Tuesday, July 07, 2020

More Political COVID


OK, so here's an attempt at showing COVID for 2016 Trump and Clinton voters.  Each dot more or less represents ten red cases or blue cases in the past week based on 2016 presidential vote, assuming uniform distribution of COVID within a given county:



And from three months ago:


Three months ago was dominated by the northeast corridor and some cities scattered through the southeast, midwest, and west coast.  The big difference is the spread deep into the red suburbs and rural areas of the south and west and everywhere throughout FL and CA.  The only consistent drop is the northeast corridor.  The midwest's decline in many cities is countered by the spread into more rural and redder areas.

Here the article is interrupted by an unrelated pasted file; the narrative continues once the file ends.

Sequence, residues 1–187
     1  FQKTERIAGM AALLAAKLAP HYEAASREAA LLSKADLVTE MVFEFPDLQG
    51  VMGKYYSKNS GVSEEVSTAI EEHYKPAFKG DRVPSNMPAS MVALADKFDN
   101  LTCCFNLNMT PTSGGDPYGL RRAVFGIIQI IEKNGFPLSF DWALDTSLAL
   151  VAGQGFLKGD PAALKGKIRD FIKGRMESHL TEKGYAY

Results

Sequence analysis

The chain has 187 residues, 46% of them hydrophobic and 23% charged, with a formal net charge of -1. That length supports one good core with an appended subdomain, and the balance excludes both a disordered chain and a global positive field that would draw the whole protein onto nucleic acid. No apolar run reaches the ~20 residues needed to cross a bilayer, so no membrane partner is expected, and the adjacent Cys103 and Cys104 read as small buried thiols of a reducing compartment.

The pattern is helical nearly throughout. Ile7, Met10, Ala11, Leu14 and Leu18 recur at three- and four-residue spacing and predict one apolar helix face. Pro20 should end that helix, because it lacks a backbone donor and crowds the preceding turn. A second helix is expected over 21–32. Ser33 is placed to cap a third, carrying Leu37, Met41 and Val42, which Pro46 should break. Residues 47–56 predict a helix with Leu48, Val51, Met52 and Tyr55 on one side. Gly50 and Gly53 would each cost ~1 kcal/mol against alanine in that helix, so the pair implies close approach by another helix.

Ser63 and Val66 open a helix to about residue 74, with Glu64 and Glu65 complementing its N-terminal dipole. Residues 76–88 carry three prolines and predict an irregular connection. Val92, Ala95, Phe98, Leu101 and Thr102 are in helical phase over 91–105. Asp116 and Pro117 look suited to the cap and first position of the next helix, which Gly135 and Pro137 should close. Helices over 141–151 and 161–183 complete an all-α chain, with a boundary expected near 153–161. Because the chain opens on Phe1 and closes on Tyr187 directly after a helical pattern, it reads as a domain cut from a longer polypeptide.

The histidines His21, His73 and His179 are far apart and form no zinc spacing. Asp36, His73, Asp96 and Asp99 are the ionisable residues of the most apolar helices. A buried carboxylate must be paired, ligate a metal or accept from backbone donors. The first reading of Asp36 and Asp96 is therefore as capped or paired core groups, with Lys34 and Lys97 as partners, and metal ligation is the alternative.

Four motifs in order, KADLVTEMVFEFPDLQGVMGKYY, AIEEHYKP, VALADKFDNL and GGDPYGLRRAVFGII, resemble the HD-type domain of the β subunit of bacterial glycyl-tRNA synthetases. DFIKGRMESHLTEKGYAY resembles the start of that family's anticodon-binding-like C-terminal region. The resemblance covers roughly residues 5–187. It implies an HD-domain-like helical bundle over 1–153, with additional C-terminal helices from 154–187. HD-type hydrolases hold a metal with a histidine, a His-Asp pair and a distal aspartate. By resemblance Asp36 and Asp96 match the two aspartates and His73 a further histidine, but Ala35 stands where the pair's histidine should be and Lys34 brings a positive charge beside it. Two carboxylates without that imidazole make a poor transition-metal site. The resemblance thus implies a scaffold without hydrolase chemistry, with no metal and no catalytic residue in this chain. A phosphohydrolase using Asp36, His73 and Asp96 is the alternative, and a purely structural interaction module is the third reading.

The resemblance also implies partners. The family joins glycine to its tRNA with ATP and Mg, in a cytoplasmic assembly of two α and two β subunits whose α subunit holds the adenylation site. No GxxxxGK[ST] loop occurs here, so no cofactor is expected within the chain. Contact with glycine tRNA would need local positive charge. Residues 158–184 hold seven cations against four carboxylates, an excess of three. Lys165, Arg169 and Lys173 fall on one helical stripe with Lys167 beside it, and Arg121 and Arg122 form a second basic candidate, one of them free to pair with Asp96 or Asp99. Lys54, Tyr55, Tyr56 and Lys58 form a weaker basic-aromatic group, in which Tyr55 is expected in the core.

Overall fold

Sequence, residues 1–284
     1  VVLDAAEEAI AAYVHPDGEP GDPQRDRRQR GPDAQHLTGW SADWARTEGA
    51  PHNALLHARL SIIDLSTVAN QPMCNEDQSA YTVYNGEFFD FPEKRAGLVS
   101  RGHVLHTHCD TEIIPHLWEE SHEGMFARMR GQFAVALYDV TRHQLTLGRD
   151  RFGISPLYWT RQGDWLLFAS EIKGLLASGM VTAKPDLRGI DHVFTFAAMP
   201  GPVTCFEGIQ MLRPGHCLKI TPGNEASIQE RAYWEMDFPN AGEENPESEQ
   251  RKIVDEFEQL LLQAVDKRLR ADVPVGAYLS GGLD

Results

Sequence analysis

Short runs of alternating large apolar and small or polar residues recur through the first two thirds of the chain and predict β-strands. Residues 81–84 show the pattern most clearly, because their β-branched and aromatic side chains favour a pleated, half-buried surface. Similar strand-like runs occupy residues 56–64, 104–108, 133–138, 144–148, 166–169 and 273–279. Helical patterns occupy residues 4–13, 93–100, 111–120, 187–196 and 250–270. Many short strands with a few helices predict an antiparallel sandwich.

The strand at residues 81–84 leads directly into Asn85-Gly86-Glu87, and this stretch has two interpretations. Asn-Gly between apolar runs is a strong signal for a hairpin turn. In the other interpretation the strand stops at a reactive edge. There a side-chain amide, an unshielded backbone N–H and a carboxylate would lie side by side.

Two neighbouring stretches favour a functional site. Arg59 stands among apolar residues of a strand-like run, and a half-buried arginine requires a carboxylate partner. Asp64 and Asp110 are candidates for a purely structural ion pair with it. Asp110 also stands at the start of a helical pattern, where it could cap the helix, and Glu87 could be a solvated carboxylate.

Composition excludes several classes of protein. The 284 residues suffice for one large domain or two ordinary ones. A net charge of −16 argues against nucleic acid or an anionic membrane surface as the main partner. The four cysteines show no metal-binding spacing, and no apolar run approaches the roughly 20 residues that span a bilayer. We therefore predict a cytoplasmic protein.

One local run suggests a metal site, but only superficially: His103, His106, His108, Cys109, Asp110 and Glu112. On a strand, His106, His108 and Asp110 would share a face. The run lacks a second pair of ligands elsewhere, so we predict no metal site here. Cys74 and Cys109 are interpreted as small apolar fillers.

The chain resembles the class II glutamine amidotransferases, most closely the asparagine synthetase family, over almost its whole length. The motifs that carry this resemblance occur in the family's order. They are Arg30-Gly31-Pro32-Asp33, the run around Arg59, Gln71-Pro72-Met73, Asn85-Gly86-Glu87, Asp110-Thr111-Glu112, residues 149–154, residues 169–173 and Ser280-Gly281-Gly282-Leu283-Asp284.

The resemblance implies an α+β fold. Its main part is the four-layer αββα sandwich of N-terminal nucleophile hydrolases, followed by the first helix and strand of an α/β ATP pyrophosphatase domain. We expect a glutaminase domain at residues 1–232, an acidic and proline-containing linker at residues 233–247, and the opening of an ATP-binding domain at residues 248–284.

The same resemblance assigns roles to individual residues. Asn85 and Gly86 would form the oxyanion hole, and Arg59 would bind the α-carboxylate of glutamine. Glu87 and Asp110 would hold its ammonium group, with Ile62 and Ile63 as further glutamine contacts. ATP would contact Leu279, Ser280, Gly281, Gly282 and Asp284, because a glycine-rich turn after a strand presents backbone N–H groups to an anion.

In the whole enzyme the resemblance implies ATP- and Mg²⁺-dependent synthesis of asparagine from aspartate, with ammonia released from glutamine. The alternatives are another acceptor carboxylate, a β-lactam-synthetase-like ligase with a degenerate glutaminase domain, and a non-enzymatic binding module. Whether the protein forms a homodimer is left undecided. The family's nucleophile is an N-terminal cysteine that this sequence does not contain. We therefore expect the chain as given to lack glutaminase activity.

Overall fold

Three months ago most of the cases were in democrat dominated areas - even if as much as 40% of victims were red.  Now you have more or less three types of cases - democratic dominated cities; mixed cities in the south and west; and republican dominated rural and suburban counties.  

A grim picture of the current state of affairs.  In some sort of better world, regional politics wouldn't matter in combatting a pandemic, but at least on the bright side we can see how different political approaches work . . .

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